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Trump's Carrier deal aside, here's why most US factory jobs aren't coming back

Drew Greenblatt, owner of Baltimore-based Marlin Steel, is already seeing a revival of U.S. manufacturing — even before President-elect Donald Trump takes office next month.

His company, which makes steel wire baskets, saw an influx of new orders the day after the election that was big enough for him to hire four new workers.

Four new jobs is a start toward Trump's goal of rebuilding the U.S. manufacturing base. But no matter what policies he puts in place, or deals he strikes, it's unlikely factories will create enough new jobs to replace the millions that have been lost to offshoring and improved productivity.

And excitement over Trump's manufacturing plans was stoked this week with news that air conditioner maker Carrier had agreed to keep roughly 1,100 jobs at an Indiana plant it had scheduled to close in exchange for $7 million in tax breaks, said NBC News.

The company announced in February that it planned to move the jobs to Monterrey, Mexico, next year. Local union leaders said Carrier told them it would pay Mexican workers $3 an hour compared with more than $20 for their U.S. counterparts, according to Reuters.

Trump had attacked the plan during his campaign, vowing to impose hefty taxes on imported Carrier products if it did not reverse the move. The company is owned by United Technologies, a major federal contractor, which has a strong incentive to maintain good relations with the incoming administration. Last year, the company generated $6.8 billion of its $57 billion in revenue from government contracts.

The deal, negotiated by Vice President-elect Mike Pence and United Technologies CEO Greg Hayes, also includes $7 million in state tax breaks over 10 years, according to NBC News. The deal is being hailed as the start of a sweeping new set of policies designed to help businesses bring back the manufacturing jobs that allowed a generation of Americans to enjoy a solid middle-class living.

Trump has promised to cut corporate taxes, roll back regulations and reform the Affordable Care Act, along with pother business-friendly measures.

It remains to be seen though, whether Trump's Carrier deal can be replicated on a scale wide enough to reverse a decadeslong decline in factory jobs.

Since manufacturing employment peaked in 1979 at nearly 20 million, some 8 million of those jobs have been lost to automation and cheaper foreign labor markets. Those losses accelerated after the 2001 recession, when competition from China surged, according to MIT researchers, who estimate some 2.0 million to 2.4 million jobs left for China between 1999 and 2011.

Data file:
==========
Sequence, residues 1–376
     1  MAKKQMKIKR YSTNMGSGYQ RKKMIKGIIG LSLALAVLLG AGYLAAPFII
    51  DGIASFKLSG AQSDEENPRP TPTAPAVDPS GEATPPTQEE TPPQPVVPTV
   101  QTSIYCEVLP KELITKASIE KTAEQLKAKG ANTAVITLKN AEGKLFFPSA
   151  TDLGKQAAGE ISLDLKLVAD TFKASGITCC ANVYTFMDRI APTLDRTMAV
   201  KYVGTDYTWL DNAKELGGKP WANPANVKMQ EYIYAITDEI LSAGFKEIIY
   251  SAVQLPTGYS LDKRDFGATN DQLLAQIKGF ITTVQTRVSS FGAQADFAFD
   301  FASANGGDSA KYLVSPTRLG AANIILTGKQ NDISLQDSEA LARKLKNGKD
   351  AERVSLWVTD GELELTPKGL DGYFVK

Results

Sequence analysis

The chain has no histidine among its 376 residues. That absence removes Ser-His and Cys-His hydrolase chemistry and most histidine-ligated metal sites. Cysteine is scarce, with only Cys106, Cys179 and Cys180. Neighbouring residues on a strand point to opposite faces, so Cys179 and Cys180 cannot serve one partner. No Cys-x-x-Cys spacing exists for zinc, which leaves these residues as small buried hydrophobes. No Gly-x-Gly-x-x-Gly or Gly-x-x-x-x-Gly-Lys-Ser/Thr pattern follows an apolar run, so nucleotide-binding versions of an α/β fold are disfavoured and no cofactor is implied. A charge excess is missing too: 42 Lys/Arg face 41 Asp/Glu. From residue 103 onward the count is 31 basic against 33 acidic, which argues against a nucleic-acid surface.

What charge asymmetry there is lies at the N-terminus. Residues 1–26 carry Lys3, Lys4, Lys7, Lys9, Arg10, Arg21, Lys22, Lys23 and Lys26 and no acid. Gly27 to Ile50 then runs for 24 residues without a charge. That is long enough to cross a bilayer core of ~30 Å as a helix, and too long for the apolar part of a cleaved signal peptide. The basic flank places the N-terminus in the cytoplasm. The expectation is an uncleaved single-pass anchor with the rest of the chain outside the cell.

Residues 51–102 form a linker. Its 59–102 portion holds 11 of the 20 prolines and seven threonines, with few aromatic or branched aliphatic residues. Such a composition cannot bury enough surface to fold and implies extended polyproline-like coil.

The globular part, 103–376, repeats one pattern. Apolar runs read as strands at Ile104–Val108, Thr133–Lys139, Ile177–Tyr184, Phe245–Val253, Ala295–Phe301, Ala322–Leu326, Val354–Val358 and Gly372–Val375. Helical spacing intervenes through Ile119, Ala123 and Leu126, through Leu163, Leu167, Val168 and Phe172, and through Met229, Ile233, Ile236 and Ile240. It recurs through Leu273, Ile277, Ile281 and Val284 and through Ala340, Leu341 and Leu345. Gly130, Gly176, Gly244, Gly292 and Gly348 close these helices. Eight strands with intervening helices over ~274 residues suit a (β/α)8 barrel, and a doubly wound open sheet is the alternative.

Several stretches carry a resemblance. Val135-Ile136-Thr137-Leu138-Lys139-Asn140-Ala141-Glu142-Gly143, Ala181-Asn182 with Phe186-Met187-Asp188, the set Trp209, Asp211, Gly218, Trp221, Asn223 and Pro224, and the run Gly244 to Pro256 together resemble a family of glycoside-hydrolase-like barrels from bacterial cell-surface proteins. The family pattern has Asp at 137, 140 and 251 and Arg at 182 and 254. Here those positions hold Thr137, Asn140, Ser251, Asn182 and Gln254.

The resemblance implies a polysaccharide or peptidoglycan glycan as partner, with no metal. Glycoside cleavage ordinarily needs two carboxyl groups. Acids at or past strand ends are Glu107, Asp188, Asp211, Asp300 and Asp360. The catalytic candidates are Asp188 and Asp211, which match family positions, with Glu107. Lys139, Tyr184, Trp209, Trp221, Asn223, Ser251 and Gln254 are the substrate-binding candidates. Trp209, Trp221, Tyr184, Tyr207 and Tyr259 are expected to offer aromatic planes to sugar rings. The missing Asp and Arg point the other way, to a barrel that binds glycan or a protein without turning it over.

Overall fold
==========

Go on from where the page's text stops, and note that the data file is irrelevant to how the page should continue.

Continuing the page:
But while the level of U.S. manufacturing employment has fallen by roughly a third, overall manufacturing output has doubled, thanks to a surge in productivity brought by increased automation, better supply chain management and other efficiency improvements. Those upgrades aren't going away.

As a result, U.S. manufacturers are able to make more of their product with fewer workers.

While improvements in productivity have slowed in recent years, those decades of efficiency upgrades aren't going away. That means it's unlikely that the U.S. will restore the bulk of lost manufacturing jobs, no matter how many deals President-elect Trump can pull off, said Greenblatt.

"When those job come back, they're going to be different jobs, and there will be less of them because we're so much more productive that we used to be," he said.

"You're going to have an American worker making 80 grand a year — one guy running a robot — rather than 10 Chinese workers in a room doing it by hand. We're not going to get the 10 jobs coming back from China."

Marlin Steel's Drew Greenblatt is shown in Baltimore, Dec. 10, 2014.
Matt McClain | The Washington Post | Getty Images
Marlin Steel's Drew Greenblatt is shown in Baltimore, Dec. 10, 2014.

For employers like Marlin Steel, that presents a new set of challenges helping to train workers to fill the new high-skilled jobs created by the hoped-for renaissance in U.S. manufacturing.

And government, Greenblatt said needs to play a role.

"We're going to have to invest in getting our eighth graders and high school grads to do well with math so they can be viable. We're not going to create the grunt work of yesterday; that's not our future."